Thai Real Estate Jargon Buster
Real Estate Jargon
- Asking price
- Building inspection
- Buy to let
- Buyer's market
- Certificate of title
- Chanote ti din title
- Company title
- Completion Date
- Conditions of Sale
- Condominium Act
- Condominium titles
- Contract of sale
- Exchange Control Form (Thor Tor 3)
- Exchange of contracts
- Fractional Ownership
- Gross Rental Yield
- Joint tenants
- Juristic Person
- Local authority search
- Maintenance fee
- Managing Agent
- Market value
- Net Rental Yield
- Off plan
- Open listing
- Owners corporation
- Private treaty
- Reserve price
- Stamp duty
- Tenancy Agreement
- Thai Nominees
Asking price: The listed price of the property, which is subject to negotiation.
Building inspection: A thorough inspection by a licensed builder or surveyor that evaluates the structural condition of a property, undertaken at the buyer's expense.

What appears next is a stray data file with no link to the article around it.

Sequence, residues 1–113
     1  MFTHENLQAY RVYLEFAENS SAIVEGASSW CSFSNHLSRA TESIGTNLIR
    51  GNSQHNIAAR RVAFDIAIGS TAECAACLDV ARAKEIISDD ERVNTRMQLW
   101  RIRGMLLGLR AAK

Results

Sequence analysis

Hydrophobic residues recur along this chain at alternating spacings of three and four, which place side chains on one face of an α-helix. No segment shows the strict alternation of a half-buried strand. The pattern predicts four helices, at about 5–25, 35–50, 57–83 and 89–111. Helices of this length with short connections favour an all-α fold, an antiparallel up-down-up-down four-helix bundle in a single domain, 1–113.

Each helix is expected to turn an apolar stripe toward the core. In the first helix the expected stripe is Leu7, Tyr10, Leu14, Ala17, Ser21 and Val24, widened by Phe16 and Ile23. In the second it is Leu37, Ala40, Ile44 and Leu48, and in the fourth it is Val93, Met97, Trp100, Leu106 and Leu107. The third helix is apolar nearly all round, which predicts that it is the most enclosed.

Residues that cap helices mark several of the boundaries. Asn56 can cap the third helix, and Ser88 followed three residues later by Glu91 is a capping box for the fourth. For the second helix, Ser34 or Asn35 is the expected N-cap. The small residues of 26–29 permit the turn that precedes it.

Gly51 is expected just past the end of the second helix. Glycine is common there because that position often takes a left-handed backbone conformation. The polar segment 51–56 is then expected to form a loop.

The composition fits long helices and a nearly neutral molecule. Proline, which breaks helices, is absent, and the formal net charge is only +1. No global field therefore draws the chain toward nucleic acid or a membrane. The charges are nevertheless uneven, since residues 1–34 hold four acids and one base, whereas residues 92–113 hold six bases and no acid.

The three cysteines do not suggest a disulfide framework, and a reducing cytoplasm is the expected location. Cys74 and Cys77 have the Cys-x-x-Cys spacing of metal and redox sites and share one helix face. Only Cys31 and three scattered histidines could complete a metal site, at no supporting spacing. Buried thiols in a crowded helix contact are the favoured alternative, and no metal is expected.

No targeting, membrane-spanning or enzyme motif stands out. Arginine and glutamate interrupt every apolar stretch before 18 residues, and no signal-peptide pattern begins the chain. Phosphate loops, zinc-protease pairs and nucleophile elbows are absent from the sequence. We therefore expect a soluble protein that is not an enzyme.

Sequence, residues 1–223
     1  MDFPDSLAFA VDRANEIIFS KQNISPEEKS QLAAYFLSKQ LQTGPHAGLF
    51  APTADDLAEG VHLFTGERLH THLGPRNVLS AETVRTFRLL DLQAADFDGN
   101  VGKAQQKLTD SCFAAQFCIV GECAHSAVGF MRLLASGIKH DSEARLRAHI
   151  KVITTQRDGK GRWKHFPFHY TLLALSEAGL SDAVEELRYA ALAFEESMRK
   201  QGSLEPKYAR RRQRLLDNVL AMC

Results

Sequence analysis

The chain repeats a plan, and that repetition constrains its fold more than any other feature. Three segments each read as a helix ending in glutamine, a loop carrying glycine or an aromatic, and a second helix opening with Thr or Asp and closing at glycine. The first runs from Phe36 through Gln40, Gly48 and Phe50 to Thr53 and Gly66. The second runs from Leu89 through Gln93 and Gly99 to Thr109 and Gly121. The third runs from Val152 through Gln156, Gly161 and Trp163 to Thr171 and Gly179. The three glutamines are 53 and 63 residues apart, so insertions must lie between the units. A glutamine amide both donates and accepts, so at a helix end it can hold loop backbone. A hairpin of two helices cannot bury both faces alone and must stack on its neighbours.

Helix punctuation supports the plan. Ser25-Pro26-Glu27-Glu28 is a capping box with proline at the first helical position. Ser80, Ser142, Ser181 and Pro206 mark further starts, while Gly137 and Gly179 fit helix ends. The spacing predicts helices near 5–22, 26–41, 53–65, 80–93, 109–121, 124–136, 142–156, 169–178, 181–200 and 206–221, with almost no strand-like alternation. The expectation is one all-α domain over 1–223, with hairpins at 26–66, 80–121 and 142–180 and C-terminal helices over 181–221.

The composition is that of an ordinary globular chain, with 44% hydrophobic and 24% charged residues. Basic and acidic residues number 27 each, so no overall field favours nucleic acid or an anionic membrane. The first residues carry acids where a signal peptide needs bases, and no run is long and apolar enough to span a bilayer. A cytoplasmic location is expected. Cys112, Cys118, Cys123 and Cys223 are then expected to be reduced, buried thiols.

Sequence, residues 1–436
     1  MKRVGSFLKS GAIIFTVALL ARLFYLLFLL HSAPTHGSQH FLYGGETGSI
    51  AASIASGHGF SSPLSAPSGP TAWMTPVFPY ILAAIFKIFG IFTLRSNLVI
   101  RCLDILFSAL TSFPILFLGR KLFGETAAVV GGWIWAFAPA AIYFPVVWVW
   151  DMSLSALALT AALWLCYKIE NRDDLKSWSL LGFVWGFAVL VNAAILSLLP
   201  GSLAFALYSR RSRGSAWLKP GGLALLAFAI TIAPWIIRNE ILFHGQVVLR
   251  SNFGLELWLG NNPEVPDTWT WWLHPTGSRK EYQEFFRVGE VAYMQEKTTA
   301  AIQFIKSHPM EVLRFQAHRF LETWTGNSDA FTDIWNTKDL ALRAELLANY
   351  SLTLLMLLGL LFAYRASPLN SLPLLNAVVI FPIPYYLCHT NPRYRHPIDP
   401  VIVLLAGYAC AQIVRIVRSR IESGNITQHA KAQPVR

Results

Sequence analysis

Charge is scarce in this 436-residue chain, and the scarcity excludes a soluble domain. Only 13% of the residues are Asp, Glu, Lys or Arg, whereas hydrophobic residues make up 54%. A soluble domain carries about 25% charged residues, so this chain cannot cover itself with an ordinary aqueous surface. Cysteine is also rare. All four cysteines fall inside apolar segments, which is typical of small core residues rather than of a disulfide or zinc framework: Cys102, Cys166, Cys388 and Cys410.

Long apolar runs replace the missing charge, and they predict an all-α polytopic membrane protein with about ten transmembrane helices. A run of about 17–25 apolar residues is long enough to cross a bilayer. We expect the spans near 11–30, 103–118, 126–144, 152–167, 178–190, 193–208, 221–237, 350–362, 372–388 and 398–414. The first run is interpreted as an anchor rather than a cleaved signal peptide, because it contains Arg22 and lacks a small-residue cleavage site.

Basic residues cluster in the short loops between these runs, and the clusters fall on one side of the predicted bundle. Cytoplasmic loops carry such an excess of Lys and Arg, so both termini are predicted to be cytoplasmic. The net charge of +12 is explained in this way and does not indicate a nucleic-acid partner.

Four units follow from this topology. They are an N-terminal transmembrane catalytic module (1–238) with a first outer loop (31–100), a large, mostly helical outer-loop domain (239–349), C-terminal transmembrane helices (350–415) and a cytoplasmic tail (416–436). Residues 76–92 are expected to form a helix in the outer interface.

Buy to let: To purchase a property in order to rent it out.
Buyer's market: A surplus of property on the market, exceeding demand, giving advantages to prospective buyers.
Certificate of title: A description of a property which includes the name of the registered owner and any encumbrances such as mortgages and easements. This will be included in the contract of sale prepared by the vendor's lawyer.
Chanote ti din title: Regarded as the best landed property title in that the land is accurately surveyed, granting incontestable possession of the said land. Only the most developed areas of Thai provinces have such titles, however, the majority of the country lacks this instrument of ownership.
Commission: A percentage of the sales price (generally 3%) of a property paid to a real estate agent for negotiating the sale.
Company title: The means of acquiring ownership of property via company shares. Under company title, land and buildings are owned by a private company. The company's shareholding structure is organised so that ownership of a certain number of shares entitles the shareholder to exclusive possession of a part of the building.